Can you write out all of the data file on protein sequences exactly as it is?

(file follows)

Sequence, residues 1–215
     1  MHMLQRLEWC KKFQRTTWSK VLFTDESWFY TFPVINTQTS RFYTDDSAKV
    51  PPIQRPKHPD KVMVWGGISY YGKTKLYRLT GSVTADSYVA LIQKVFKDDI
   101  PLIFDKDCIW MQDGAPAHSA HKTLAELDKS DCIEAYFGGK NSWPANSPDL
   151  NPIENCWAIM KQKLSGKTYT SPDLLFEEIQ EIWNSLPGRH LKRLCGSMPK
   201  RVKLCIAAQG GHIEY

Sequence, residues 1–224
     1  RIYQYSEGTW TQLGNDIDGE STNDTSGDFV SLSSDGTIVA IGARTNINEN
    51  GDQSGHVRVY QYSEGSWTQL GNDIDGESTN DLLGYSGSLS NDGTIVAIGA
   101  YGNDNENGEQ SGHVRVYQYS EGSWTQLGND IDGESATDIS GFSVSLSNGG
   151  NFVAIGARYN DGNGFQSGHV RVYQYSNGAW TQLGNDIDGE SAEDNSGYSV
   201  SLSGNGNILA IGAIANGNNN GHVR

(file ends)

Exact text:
Sequence, residues 1–215
     1  MHMLQRLEWC KKFQRTTWSK VLFTDESWFY TFPVINTQTS RFYTDDSAKV
    51  PPIQRPKHPD KVMVWGGISY YGKTKLYRLT GSVTADSYVA LIQKVFKDDI
   101  PLIFDKDCIW MQDGAPAHSA HKTLAELDKS DCIEAYFGGK NSWPANSPDL
   151  NPIENCWAIM KQKLSGKTYT SPDLLFEEIQ EIWNSLPGRH LKRLCGSMPK
   201  RVKLCIAAQG GHIEY

Sequence, residues 1–224
     1  RIYQYSEGTW TQLGNDIDGE STNDTSGDFV SLSSDGTIVA IGARTNINEN
    51  GDQSGHVRVY QYSEGSWTQL GNDIDGESTN DLLGYSGSLS NDGTIVAIGA
   101  YGNDNENGEQ SGHVRVYQYS EGSWTQLGND IDGESATDIS GFSVSLSNGG
   151  NFVAIGARYN DGNGFQSGHV RVYQYSNGAW TQLGNDIDGE SAEDNSGYSV
   201  SLSGNGNILA IGAIANGNNN GHVR